What does a welcoming city look like?

To many, immigration and the status of refugees can seem like abstract and polarizing issues that continue to hopelessly divide Washington and the nation. But to so many others, it’s a deeply personal topic with consequences that reverberate in communities across the country.

From the local economy to the cultural identity of a place, immigrants dramatically affect and are affected by the cities and counties they reside in. From 2000 to 2013, all the net growth in Main Street business nationally can be attributed to immigrants1. These businesses, from coffee shops to grocery stores, act as key assets and anchors within neighborhoods. Immigrants are also becoming homeowners faster than the U.S.-born population, contributing $3.7 trillion to housing markets nationwide2. Immigrants play a large role in key local industries, including construction, hospitality, and health care. In so many ways, immigrants are laying down roots and, in doing so, becoming an essential part of the communities they call home.

As immigrants arrive and begin to carve out new lives in the U.S., we felt like Wonk Wednesday was an ideal platform to discuss how cities can redefine the narrative taking place on cable news or in political talking points. That’s why we’re going beyond the national dialogue. This coming Wednesday, we are hosting three individuals that will help us dive deeper into how immigrants and refugees have shaped our communities.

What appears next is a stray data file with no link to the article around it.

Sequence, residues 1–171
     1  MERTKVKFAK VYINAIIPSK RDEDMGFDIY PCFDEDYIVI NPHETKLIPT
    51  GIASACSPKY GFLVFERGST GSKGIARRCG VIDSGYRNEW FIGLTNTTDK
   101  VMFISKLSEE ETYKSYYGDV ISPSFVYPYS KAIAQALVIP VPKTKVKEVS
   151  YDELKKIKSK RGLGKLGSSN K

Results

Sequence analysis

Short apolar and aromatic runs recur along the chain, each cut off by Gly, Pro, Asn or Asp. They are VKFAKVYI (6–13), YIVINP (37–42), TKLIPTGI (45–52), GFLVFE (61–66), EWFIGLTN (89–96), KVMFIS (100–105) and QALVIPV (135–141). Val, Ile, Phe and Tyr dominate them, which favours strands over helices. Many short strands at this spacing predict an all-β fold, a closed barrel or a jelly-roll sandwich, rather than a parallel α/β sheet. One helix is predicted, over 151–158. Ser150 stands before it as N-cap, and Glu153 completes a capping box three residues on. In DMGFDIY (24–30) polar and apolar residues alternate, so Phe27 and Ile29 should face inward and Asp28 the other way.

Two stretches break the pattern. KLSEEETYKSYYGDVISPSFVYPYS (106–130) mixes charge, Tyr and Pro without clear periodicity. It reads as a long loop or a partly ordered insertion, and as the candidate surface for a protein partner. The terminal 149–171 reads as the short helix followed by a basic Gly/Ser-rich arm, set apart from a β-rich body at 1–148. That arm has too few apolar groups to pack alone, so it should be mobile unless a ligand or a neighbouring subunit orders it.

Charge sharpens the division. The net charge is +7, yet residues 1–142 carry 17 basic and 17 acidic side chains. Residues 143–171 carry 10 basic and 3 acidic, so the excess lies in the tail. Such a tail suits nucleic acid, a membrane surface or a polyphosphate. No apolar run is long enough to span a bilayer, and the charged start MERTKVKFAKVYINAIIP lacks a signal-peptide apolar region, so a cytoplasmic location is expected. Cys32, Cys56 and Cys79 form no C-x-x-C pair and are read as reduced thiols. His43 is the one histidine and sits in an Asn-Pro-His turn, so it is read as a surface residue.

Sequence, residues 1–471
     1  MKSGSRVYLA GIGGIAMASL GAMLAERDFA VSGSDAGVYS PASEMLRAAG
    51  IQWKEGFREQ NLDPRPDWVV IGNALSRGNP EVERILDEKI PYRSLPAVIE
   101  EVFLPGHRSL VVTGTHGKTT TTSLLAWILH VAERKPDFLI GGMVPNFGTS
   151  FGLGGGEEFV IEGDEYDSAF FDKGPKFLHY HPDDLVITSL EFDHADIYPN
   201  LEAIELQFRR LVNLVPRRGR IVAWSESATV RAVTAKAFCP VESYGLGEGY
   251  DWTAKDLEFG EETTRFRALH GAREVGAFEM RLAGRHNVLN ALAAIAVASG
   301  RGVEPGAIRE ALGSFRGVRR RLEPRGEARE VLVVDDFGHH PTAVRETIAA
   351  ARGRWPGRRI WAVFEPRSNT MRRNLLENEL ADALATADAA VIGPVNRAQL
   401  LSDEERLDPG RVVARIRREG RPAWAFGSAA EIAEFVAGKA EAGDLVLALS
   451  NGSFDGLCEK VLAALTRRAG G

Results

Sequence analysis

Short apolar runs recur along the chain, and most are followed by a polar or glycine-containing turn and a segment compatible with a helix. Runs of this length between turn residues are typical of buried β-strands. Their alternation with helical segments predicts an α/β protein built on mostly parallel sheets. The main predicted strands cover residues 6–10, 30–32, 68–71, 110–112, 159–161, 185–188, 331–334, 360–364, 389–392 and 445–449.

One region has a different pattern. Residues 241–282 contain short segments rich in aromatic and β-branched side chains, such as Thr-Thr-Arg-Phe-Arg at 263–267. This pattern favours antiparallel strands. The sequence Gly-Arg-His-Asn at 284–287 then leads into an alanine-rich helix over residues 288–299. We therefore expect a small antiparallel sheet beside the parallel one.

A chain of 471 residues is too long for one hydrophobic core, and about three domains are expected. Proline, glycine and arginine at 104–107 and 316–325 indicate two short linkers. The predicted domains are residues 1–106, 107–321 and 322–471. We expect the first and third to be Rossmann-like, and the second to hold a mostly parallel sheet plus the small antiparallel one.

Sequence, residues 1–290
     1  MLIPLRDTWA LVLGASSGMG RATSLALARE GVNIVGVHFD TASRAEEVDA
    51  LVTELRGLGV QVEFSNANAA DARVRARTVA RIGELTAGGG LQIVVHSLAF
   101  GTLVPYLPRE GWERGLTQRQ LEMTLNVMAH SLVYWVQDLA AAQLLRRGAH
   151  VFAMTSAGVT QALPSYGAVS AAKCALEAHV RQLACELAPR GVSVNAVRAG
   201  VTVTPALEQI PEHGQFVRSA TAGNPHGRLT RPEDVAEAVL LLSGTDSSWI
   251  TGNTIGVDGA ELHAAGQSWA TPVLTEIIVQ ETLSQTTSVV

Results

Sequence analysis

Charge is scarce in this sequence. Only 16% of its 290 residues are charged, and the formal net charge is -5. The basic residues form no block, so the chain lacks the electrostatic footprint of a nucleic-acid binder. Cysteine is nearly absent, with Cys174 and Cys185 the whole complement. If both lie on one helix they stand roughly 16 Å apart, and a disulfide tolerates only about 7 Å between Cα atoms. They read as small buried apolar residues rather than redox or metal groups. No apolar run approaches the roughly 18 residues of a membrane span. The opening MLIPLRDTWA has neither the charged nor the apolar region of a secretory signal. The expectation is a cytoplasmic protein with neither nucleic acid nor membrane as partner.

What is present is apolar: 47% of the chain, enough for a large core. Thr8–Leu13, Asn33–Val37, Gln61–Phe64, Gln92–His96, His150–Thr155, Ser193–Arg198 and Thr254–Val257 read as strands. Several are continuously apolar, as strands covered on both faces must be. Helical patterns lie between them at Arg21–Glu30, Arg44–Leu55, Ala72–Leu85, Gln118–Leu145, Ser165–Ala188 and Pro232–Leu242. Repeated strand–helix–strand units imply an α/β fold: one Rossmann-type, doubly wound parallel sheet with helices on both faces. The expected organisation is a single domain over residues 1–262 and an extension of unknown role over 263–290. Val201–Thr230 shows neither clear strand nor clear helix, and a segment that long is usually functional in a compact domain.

While limiting cooperation between local law enforcement and federal immigration officials is a hot topic — collectively, over 600 municipalities, counties and states have done so3 — this isn’t the only way that communities are engaging with their immigrant and refugee residents to create a more welcoming and inclusive front door to the nation. Cities such as Nashville and Philadelphia have worked hard to assure that city services are available to all its residents by actively helping immigrants who aspire to become U.S. citizens and conducting workshops to teach leaders from immigrant communities how to navigate local government.

Although national immigration policy continues to be a controversial wedge issue, we aim to break through that noise by talking with immigrants and refugees in our own cities — people we call neighbors, colleagues and friends.

We hope to see you there.

Event Details

On June 28 at 5:30 p.m., Metro Ideas Project will hold a panel discussion with Welcoming America and Coming to America: The Story of Us to discuss how policymakers, community leaders and residents can work together to build more welcoming and inclusive communities. We will also hear the personal stories of two immigrants who call Chattanooga home.

This event will be held June 28 at 5:30 p.m. in our Highland Park office (1216 E. Main St.). As always, beer, wine, coffee and snacks will be on hand to keep the conversation going. This event is free and open to the public.

(Beer and wine provided for individuals ages 21+.)

Click here to RSVP.

Panelists for this event are:

Anton Demenchuk, president and CEO of Cresco Group